PORTSMOUTH — The Town Council Monday voted to select ABM Group of Warwick to be the town’s owner’s representative during construction of the new police station, at a cost of …
PORTSMOUTH — The Town Council Monday voted to select ABM Group of Warwick to be the town’s owner’s representative during construction of the new police station, at a cost of $128,400.
The job of the owner’s rep is to ensure the town’s best interests are at the heart of every decision made during construction of the station.
ABM was one of five bidders on the project and proposed a total of 1,800 hours on the job, translating to a cost of $71.33 per hour. The other bidders, including their total proposed bid, hours and hourly wage, were:
• Coast & Harbor of Lynnfield, Mass — $90,353.37, 1,384 hours ($65.27 per hour)
• CDR Maquire of Providence — $94,775, 850 hours ($111.15 per hour)
• Colliers International of Madison, Conn. — $172,700, 1,508 hours ($114.52 per hour)
• Keough Construction Management of East Providence — $220,825, 2,765 hours ($79.86 per hour)
An evaluation and selection team made up of Police Chief Thomas Lee, Director of Business Development Richard Talipsky, Department of Public Works Deputy Director Brian Woodhead and School Committee member Allen Shers conducted onsite interviews with ABM, Coast & Harbor and CDR.
In the end, ABM was selected as the best overall bidder. The company’s past projects include the Middletown police station and the R.I. Department of Transportation facility in Portsmouth.
Council President Keith Hamilton said his only concern with ABM was that during the Middletown police station project, it was later discovered that an air conditioner was missing from the building.
Chief Lee, however, said that Middletown Police Chief Anthony M. Pesare “highly recommended” the company.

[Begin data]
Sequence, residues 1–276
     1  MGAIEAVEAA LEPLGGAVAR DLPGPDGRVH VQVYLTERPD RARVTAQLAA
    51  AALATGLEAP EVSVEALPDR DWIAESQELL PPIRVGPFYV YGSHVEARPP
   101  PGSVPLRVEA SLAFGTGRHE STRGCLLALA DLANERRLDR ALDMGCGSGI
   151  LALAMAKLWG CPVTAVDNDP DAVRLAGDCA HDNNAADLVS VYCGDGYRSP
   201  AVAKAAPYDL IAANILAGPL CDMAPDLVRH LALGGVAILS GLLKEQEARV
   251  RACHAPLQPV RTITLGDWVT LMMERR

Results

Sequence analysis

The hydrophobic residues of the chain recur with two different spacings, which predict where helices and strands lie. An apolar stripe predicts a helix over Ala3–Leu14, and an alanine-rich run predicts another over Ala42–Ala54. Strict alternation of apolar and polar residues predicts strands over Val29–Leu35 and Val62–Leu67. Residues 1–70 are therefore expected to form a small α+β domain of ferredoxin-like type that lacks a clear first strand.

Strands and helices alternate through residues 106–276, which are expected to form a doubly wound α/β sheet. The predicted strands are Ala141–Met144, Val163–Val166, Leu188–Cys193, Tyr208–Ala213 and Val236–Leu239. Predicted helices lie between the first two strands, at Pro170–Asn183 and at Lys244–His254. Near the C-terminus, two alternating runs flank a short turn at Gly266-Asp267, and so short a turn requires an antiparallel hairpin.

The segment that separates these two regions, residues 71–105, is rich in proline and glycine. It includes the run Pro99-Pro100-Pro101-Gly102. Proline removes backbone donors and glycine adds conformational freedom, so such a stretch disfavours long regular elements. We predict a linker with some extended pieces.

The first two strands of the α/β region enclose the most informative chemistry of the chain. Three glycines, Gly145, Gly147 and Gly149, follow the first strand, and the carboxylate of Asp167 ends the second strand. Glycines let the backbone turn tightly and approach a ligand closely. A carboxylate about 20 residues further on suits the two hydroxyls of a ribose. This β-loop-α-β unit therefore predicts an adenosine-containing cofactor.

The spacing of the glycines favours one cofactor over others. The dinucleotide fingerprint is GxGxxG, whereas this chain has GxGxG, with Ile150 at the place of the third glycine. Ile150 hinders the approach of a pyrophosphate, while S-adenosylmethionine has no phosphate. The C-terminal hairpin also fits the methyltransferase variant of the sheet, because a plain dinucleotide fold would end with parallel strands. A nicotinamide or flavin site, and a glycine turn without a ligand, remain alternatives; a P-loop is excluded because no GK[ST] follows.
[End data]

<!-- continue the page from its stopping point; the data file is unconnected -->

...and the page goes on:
For further discussion …
Council member David Gleason requested the removal of two items from the consent agenda so they can be discussed publicly at the next regular meeting on Monday, April 10.
One item concerned the Charlestown Town Council’s adoption of a resolution that points out the “inadequacies” of the R.I. Low and Moderate Income Housing Act. The law, which was passed in 2004, requires all Rhode Island towns to maintain a level of low- and moderate-income housing in their communities of 10 percent.
Representatives from Charlestown, Glocester and Lincoln last month testified before the Special Legislative Commission to Study the Low and Moderate Income Housing Act. They said the law fails to take into account the special constraints faced by smaller municipalities that have fewer services or infrastructure.
The second item concerned a resolution adopted by the Burrillville Town Council that petitions the state director of revenue for the installation of an accounting system for the town, as well as training for that system.
The council received a resolution from the Town of Charlestown in support of Gov. Gina Raimondo’s Rhode Island Promise Program. The program is based on a commitment to provide every student with a two-year scholarship to attend the Community College of Rhode Island, Rhode Island College or the University of Rhode Island.
The council took no action on the resolution and placed it on file.
Sitting as the Board of License Commissioners, the council voted unanimously to grant peddler licenses to McGrath Clambakes, Inc. of Newport and Rugby Imports, Ltd. of East Providence to do business at the Beast of the East Rugby Tournament, to be held April 22 and 23 at Glen Farm.
Armenian flag to fly
The council voted unanimously to approve an annual request by the Armenian National Committee of R.I. to have the Armenian flag raised on April 24.
For the past 17 years the town has agreed to fly the flag in memory of the Ottoman Turkish government’s attempt to eliminate the Christian Armenians from their ancestral lands through planned genocide during World War I, according to Stephen J Elmasian of the Armenian committee.
There are about 12,000 Armenians living in Rhode Island, according to Mr. Elmasian, who reminded the town that the red-blue-orange flag is to flown “with the red stripe on top.”
Council members received an invitation to participate in the 33rd annual Aquidneck Island National Police Parade, which steps off at 11:50 a.m. on Sunday, May 7, from the Hampton Inn in Middletown.
The parade started more than three decades ago to honor fallen officers and to recognize those who serve today.